Implementation Plan Paper

Words: 2076
Pages: 9

Running head: IMPLEMENTATION PLAN PAPER

Implementation Plan Paper
Richard Smith
University of Arizona
Measuring Performance Standards
HCS 345
Lawrence Jones
September 14, 2009

Implementation Plan Paper
Change is an inevitable part of business and organizations should prepare to meet the challenge of adapting the quality of their product to match the needs of their customers. This goal can be met by establishing a vision for this change and by defining the exact outcomes the organization hopes to achieve for the final product. Depending on the scope of the change, the implementation process can vary widely in time, required resources, and complexity but the basic steps involved to achieve the vision are the same. The steps
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Discrete data including biometric values, referral statistics, diagnoses and charge data and many other forms of clinical can be captured and reported from this system.
CIGNA Informatics Data Exchange
COH is owned by CIGNA Healthcare and this partnership allows the sharing of data between partners. Two valuable pieces of data that CIGNA Healthcare can share with COH are claims and aggregated cost analysis. COH will setup a data exchange process to import claims data from the CIGNA informatics department. This data can be stored in a data warehouse for future reporting.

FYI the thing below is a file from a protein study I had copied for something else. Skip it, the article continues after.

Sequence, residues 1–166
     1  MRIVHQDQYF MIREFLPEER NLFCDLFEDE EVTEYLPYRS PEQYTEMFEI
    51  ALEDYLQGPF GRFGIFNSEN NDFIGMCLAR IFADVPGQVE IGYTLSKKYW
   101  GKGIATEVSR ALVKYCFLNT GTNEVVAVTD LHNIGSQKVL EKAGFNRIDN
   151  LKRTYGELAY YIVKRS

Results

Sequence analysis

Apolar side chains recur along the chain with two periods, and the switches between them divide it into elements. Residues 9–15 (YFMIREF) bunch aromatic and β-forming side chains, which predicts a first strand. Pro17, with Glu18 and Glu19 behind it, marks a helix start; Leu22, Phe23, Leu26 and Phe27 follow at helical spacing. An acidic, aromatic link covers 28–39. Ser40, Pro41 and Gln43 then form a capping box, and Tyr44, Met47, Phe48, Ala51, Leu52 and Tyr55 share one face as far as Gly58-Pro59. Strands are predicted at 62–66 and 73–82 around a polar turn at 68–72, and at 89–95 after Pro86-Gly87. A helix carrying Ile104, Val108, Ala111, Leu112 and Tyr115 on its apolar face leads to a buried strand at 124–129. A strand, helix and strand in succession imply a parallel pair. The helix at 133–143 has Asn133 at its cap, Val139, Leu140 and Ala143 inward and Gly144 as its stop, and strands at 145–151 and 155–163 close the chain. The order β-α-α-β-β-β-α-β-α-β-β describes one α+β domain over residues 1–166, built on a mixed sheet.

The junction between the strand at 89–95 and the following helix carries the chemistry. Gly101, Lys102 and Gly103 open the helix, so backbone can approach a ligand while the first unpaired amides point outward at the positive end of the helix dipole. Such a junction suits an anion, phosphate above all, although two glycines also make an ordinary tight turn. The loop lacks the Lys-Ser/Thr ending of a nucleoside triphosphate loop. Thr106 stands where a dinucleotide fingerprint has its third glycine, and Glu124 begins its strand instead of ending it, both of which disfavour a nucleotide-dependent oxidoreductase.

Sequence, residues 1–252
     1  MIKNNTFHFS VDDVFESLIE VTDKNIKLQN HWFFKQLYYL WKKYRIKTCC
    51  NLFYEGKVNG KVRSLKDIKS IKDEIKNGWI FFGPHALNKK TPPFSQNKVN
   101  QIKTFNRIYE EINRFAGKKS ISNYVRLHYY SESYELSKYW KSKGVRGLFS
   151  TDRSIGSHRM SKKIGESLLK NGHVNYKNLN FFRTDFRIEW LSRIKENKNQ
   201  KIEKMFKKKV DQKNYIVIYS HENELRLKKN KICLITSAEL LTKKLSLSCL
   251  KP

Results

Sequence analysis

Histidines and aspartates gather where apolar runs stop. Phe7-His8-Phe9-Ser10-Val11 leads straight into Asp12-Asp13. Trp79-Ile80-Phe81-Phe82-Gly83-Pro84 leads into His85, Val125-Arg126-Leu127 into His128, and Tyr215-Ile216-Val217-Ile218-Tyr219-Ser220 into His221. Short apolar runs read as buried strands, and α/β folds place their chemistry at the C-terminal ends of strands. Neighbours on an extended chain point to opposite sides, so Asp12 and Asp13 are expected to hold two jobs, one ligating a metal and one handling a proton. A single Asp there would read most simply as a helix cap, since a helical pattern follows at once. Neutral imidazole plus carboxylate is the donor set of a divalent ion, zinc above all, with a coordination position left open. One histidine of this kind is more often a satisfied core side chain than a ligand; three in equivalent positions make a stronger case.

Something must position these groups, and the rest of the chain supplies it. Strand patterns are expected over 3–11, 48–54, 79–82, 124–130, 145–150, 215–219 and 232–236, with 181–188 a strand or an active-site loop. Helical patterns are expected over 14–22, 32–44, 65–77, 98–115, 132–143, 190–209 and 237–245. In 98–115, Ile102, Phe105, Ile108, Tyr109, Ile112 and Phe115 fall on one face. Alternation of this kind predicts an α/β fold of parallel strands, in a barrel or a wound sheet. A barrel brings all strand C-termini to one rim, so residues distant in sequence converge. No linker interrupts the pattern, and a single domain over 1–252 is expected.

Expected Outcomes to Measure Performance
Once all the performance indicators are defined and the data collection methods and sources are established, COH will need to determine how they will interpret the results and define quality.
Improved Biometric Results
The results of biometric testing over time will show trends that will help providers to establish pre, post and delta values for their diabetic population. Positive indicators of performance would include healthier glucose, cholesterol and HbA1C levels in comparison to values measured for the same group with values from the past.
Improved compliance with medication
Improved Preventive Care and Maintenance
Diabetic patients should be seeking regular care and actively involved in managing their own disease. The increase in compliance for standard diabetic testing including eye, foot, and dental exams, lab work and